A little over one year ago, Minor League Baseball players announced that they had unionized under the banner of the Major League Baseball Players Association. MLB, to its credit, voluntarily recognized this historic moment, and prepared to meet the players at the bargaining table. This past spring, the MLBPA and MLB would agree to and ratify the first-ever collective bargaining agreement by and for these players. A historic moment, a real signifier of the change that’s happening in the league, whether MLB wants it to or not.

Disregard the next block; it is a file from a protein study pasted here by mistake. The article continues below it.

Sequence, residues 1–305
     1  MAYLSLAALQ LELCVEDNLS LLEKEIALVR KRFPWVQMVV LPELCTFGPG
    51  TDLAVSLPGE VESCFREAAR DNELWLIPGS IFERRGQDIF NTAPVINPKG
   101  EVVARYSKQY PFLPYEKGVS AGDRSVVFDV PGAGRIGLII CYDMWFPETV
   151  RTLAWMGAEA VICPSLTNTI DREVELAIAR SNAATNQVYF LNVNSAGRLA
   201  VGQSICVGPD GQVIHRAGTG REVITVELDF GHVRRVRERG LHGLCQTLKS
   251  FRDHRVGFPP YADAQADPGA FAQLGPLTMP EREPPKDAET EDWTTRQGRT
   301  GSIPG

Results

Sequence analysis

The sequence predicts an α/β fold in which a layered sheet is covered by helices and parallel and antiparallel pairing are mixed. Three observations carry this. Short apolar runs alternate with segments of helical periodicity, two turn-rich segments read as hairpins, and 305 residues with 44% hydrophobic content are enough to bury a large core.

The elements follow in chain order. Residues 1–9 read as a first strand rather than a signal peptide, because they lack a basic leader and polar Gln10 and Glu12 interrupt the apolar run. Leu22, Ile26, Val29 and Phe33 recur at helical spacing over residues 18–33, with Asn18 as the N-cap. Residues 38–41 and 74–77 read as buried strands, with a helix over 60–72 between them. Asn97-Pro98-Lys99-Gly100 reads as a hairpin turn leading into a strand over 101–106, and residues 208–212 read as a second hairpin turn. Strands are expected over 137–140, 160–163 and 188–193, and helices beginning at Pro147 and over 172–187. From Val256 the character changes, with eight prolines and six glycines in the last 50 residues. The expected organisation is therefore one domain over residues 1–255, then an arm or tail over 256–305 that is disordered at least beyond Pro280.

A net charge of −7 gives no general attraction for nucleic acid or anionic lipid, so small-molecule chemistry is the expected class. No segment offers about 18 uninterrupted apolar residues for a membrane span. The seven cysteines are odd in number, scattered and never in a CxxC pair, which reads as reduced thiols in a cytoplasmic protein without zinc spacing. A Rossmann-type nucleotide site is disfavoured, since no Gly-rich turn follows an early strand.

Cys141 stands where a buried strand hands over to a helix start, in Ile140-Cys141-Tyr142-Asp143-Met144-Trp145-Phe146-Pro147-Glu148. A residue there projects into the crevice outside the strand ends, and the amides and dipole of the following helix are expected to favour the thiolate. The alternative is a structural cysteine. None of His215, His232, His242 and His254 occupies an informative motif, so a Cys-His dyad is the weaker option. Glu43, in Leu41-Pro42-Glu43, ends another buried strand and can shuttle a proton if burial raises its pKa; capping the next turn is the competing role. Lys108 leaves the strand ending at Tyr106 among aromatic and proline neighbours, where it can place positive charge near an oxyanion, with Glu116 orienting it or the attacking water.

Part of MLB’s playing nice with minor leaguers when they had not with the major league portion of the PA in the months before that—you know, the ones where the owners locked the players out in an attempt to break the union’s power—was because of who was watching. In part, it’s because fans were more aware in 2022 about the plight of minor leaguers than they had been in, say, 2012, or even 2017. But as more about the working and living conditions of these players came to light through the work of both journalists and organizations like Advocates for Minor Leaguers, as it became clear that almost none of these players were making anything approaching a living wage, MLB began to lose the PR battle and ceded ground all over the place. Giving players a significant raise across the board, paying for player housing, streamlining the travel schedule, trying to guarantee that better and more meals would be provided by teams, and so on. This was all done to appease the growing mob, and to keep players from taking that next step of unionizing. In the long run, appeasement doesn’t work, but that doesn’t stop anyone from trying in an effort to resist giving up control.

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